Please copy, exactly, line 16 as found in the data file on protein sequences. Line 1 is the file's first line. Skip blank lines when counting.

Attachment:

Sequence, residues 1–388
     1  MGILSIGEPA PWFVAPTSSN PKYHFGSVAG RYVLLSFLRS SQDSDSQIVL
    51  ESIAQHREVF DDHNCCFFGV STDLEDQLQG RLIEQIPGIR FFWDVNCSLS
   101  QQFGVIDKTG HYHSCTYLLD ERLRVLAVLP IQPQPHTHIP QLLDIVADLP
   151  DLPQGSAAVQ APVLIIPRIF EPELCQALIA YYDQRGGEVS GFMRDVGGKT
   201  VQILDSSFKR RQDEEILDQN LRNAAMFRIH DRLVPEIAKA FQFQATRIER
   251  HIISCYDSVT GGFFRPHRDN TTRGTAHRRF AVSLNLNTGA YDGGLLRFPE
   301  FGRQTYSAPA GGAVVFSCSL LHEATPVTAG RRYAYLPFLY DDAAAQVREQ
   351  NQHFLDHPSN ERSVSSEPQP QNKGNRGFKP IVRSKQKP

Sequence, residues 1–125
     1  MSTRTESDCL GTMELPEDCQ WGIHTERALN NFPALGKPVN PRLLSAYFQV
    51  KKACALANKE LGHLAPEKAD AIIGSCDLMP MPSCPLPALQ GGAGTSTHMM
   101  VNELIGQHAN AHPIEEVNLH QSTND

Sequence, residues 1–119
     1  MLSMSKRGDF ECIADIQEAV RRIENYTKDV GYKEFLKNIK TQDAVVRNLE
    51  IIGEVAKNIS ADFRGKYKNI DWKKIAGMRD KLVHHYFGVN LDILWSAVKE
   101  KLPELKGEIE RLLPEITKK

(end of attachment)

    51  IIGEVAKNIS ADFRGKYKNI DWKKIAGMRD KLVHHYFGVN LDILWSAVKE